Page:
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Planting Peas on a Spring Afternoon

Digging in the dirt at Happy Simple Living blog

“To dig one’s own spade into one’s own earth! Has life anything better to offer than this?”– Beverley Nichols

Here in Colorado, it’s tricky to know exactly when spring planting season begins. We’ve been known to get snow into late May, but last year we broke a record on April 24 with a high of 87 degrees. I’m probably a little late planting the peas, but we’ve had snow the last two weeks. After a nice rain Tuesday night, yesterday seemed like the perfect day to get the seeds in the ground.

If your yard has heavy clay soils like ours, take heart! As they say on the commercial, “It gets better.” After seven years of working our homemade compost into the dirt, never stepping on it and sifting out rocks and clay clumps, I really noticed a difference in the kitchen garden soil this year. You can see in the photo above that the spade easily turns the dirt.

The pea seeds soaked in filtered water all day, which will hopefully help them sprout a little faster.

peas soak before planting at Happy Simple Living blog

I only planted a third of the seeds in the package yesterday. I’ll plant another third in a week, and another third a week after that. Who knows if they will all make it or if the weather will be too hot, but if we’re lucky the harvest will be staggered and we’ll have tender peas for several weeks.

Gardening is such an act of faith, isn’t it? We have to trust that these little seeds:

planting pea seeds at Happy Simple Living blog

…will eventually look like this:

Pea plants at Happy Simple Living blog
Photo: Penelope Waits

The seeds we planted are Seeds of Change organic Sugar Pod 2 Snow Peas, a bush variety, but I added some old tomato cages near the seeds so they’ll have something to hang onto if they want to.

Peas planted at Happy Simple Living blog

Have you started planting yet? What’s growing in your garden? Drop a comment below!

About Eliza Cross

Eliza Cross is the author of 17 books, including Small Bites, 101 Things To Do With Bacon, and BERRIES. She enjoys sharing ideas to simplify cooking, gardening, and home projects. She is also the owner of Cross Media, Inc. and founder of the BENSA Bacon Lovers Society.

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8 thoughts on “Planting Peas on a Spring Afternoon”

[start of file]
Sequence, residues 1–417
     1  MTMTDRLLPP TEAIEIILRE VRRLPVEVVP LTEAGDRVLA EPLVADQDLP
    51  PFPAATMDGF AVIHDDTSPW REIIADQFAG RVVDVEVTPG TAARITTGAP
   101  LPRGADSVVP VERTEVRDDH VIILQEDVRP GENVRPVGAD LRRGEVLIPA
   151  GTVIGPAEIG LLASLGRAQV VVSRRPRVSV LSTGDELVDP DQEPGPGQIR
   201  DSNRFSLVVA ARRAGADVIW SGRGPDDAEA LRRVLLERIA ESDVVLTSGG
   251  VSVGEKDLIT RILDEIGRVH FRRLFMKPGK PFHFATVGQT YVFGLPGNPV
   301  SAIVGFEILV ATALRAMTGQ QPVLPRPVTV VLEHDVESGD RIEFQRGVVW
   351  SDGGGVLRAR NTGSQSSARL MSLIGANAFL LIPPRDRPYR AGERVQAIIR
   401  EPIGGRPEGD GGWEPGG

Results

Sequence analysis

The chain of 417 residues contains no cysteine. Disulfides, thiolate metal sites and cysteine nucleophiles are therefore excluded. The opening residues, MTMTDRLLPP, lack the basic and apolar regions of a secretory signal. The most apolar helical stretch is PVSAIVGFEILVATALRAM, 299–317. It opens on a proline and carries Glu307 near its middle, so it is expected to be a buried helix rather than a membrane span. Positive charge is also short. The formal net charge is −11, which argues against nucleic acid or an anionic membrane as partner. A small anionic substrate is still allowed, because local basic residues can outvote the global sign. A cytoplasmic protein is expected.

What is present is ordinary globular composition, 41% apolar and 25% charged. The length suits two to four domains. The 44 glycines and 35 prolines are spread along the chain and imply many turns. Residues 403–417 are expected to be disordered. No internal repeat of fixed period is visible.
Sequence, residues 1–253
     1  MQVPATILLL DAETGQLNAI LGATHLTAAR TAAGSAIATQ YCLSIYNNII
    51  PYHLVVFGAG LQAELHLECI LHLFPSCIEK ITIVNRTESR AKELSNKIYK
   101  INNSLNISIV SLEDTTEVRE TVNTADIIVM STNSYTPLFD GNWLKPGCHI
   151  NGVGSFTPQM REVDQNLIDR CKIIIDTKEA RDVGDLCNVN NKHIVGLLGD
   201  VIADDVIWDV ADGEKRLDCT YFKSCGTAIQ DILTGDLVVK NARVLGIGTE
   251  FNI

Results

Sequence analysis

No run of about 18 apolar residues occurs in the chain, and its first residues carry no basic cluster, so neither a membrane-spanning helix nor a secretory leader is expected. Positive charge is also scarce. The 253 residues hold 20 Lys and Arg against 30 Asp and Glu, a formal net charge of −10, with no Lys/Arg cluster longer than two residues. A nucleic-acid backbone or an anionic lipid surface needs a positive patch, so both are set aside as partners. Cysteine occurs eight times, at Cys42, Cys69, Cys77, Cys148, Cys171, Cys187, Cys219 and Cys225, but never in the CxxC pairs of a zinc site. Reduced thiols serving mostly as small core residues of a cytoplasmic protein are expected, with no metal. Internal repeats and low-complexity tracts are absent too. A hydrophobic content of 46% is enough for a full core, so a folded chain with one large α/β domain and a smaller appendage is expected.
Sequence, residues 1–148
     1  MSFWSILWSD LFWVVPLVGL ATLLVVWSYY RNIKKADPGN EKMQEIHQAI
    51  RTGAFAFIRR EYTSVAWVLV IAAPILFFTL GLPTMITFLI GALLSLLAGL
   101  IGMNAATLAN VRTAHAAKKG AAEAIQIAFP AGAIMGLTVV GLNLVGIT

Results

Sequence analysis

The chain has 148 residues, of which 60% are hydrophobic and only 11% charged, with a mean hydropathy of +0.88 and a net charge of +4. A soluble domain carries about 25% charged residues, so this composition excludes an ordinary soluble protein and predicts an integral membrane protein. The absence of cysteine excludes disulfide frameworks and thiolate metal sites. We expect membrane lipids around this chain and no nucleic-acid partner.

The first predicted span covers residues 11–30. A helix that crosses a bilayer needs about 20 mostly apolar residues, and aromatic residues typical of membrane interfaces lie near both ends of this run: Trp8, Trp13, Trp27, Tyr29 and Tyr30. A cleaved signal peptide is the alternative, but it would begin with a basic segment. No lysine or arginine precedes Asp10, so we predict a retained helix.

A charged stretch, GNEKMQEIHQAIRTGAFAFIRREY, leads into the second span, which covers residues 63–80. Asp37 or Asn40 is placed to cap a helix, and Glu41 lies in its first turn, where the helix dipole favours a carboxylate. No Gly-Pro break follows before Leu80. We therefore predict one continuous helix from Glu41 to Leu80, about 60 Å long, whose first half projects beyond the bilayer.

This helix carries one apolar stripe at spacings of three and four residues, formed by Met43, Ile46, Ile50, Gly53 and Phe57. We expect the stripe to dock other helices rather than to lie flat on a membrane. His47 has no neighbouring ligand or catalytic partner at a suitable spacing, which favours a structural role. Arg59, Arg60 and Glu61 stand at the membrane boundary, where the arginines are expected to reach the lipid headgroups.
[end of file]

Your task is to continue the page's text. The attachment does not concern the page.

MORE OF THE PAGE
1. My husband planted sno peas one season and regular peas another season. Guess who reaped the benefits – our two dogs. They loved them!

  2. It’s a little early for peas here, but only by a couple weeks. I planted potatoes on Good Friday because I always try to do that around that time. Just me. Your pictures made me smile with recognition, though. I’m guessing all gardeners put those little seeds into the ground, surround them with what seem like giant cages (at the time), and in our heads immediately envision the lush, fruit-laden plants they will become. Glad I’m not the only one! Wishing you a great gardening season. ๐Ÿ™‚


    • You’re so right, Kim, and sometimes the seeds exceed our visions and other times…not so much. Here’s hoping you have a fruitful gardening season, too.

  3. As a fellow Colorado gardener, I feel your pain when it comes to both clay and weather! I’ve been working on soil improvement for about 15 years, and while it’s a slow process, it definitely works! Yesterday I planted a grape vine (oh, how I hope it takes) in an area that I haven’t done any work on the soil, and the difference was striking. I ended up hauling a few big buckets of dirt from the garden to fill the hole where I planted it.

    Anyhow, my rule of thumb for timing is that I always try to get the peas in the ground by St. Patrick’s Day. A friend told me that rule many years ago and it’s never steered me wrong. I’ve had them in as early as March 1, and never lost any to cold. I do cover them with frost cloth until they’re about 3 inches tall.

    With spinach, I’ve had the best luck planting in the fall and wintering it over. It usually does quite well with just a layer of frost cloth, and that way it has time to actually mature before it gets so hot that it bolts. Unfortunately, this year it was unseasonably dry and we got some real early cold weather which killed it before it could get established. Sigh. But, I re-seeded a few weeks ago and have tiny little sprouts beginning to show.

    It never occurred to me to soak the peas before planting them. I’ll have to try that next time!

    Happy gardening one and all!

    • I’m going to have to remember that rule about St. Patrick’s Day – thank you! It sounds like I need to get my hands on some frost cloth, too. I hope you have a very productive garden this year, too.

      • You can use something less fancy, like an old sheet or even a piece of plastic… but it’s more work. The advantage of frost cloth is that it keeps the plants warm, but still lets in the light and the water, so it saves a lot of time and energy in terms of pulling it off and on. Some people go so far as to set up hoops and create mini greenhouses – but I’m too lazy for that. I just cover it and put some bricks around the corners to keep it from blowing away.

        The big disadvantage of frost cloth is that it doesn’t hold up for more than about a season or two so you have to keep replacing it. It’s not terribly expensive if you buy it in bulk though. I got a huge roll of it on eBay a few years back.

        Anyhow, good luck with your peas!

  4. I have never planted snow peas… I am seriously considering it. We planted mustard greens, kale, squash, and green beans so far. I am germinating my herbs in the garage and soon I will be tackling the tomatoes and eggplants. Love Spring and summer!!!


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